Gilberto Hernández Ortega

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Gilberto Hernández Ortega
Born 1924
Baní, Peravia Province, Dominican Republic
Died 1978 (aged 53–54)
Santo Domingo, Dominican Republic
Education National School of Fine Arts
Known for Painting
Movement Surrealism

Gilberto Hernández Ortega (1924–1978) was an artist from the Dominican Republic. He is considered a leading painter of his generation.

Early life and education[edit]

He was born in Baní, Peravia Province, in 1923 but was raised in Santo Domingo. Ortega first studied art under Celeste Woss y Gil at her private academy. Undecided about his career, he studied engineering for more than two years before committing to pursuing painting. He enrolled in the National School of Fine Arts, where he studied under Woss y Gil once again, as well as Josep Gausachs and George Hausdorf. Ortega was particularly influenced by Gausachs, maintaining a close relationship with the older artist until Gausachs's death in 1959. In addition to Gausachs, he worked closely with Jaime Colson and Clara Ledesma. Other sources of inspiration included Cuban artists Wifredo Lam and Mario Carreño Morales.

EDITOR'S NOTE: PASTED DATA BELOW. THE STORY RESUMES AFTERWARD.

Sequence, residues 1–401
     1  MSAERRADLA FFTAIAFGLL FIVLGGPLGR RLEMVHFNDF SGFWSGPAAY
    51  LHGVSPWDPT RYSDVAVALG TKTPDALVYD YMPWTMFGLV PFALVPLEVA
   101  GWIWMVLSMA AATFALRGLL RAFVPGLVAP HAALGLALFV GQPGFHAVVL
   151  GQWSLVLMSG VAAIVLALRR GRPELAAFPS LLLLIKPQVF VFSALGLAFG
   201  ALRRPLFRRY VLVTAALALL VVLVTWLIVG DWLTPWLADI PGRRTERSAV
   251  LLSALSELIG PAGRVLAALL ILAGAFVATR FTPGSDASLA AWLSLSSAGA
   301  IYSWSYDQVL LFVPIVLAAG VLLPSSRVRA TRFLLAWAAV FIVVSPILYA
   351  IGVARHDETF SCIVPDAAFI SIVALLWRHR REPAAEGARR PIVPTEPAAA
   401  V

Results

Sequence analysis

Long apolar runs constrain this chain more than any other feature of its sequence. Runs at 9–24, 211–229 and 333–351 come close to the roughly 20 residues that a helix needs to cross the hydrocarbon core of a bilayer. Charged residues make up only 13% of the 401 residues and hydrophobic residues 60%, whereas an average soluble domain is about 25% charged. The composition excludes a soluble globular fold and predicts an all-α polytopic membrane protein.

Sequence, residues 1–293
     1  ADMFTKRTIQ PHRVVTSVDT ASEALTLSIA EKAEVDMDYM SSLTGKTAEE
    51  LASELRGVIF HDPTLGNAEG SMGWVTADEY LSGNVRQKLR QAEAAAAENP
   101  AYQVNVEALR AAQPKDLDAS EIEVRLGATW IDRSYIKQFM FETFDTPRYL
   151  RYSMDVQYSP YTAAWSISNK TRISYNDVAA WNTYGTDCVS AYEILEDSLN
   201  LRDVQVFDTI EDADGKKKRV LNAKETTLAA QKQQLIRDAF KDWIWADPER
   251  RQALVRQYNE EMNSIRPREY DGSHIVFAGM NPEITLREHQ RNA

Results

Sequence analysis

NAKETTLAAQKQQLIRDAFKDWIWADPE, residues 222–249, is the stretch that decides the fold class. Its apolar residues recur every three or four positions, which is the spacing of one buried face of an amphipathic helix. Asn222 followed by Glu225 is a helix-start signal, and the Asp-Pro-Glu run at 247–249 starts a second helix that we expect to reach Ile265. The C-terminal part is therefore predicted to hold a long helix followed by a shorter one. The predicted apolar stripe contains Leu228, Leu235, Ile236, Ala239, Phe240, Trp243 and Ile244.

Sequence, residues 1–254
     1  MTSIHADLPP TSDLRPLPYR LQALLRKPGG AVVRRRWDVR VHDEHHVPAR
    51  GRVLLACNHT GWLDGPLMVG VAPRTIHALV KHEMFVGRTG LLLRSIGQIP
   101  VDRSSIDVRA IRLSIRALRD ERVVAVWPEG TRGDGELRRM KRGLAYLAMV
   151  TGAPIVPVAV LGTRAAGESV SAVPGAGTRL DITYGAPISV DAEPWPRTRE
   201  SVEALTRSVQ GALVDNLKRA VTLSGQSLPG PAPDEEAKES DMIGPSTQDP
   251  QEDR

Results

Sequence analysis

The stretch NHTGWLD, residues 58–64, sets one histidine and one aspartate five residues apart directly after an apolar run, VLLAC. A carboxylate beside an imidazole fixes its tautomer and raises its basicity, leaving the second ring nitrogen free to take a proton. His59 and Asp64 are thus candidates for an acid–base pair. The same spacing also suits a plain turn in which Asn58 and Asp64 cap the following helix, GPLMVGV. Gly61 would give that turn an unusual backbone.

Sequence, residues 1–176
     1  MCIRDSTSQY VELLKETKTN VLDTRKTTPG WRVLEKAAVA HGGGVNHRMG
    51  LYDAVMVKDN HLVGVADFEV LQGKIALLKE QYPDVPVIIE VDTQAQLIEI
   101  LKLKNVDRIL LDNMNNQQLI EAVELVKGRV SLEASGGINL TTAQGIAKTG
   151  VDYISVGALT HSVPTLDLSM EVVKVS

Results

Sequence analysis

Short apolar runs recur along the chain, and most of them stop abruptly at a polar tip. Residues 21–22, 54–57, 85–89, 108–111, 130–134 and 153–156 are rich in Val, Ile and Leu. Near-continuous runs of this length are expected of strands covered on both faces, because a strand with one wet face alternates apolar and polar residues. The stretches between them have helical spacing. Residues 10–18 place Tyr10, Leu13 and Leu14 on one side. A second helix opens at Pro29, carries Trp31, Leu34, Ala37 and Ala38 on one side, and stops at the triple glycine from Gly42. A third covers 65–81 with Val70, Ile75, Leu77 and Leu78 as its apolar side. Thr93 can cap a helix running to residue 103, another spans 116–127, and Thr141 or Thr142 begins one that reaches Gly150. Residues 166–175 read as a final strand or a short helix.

Career[edit]

Untitled, oil on canvas, 1976 (Museo Bellapart, Santo Domingo)

In 1946, Ortega had his first solo exhibition, exhibiting 63 paintings and drawings. He also exhibited abroad, with his first international solo exhibition being held in Caracas, Venezuela, in 1951. Other international shows included exhibitions in the United States, Spain, Argentina, Brazil, Israel and Taiwan. In addition, he was awarded prizes in national Biennial art events in 1952, 1958 and 1974.

He also taught art for many years. Ortega became a professor at the National School of Fine Arts in 1946 and was named vice director in 1954. In 1966, he opened a private art school in Santo Domingo. During his many years of teaching, Ortega had a significant influence on major Dominican artists, including Ada Balcácer, Iván Tovar, Ramón Oviedo and Elsa Nuñez.

While primarily a Surrealist, he also experimented with Expressionism and Abstraction. Most of Ortega's paintings are figurative, depicting distorted human forms. Although dark colors such as blues, violets, grays, greens, browns and black predominate, his palette is often enlivened with vibrant yellows, oranges and reds.

Death[edit]

Ortega died in Santo Domingo in 1978.

See also[edit]

References[edit]

  • De los Santos, Danilo, Memoria de la pintura dominicana, Volumen 3, Santo Domingo: Grupo León Jimenes, 2004.
  • De los Santos, Danilo, Memoria de la pintura dominicana, Volumen 4, Santo Domingo: Grupo León Jimenes, 2004.
  • Staff (undated). "Gilberto Hernández Ortega 1924–1978" (in Spanish). Museo Bellapart. Retrieved August 24, 2013.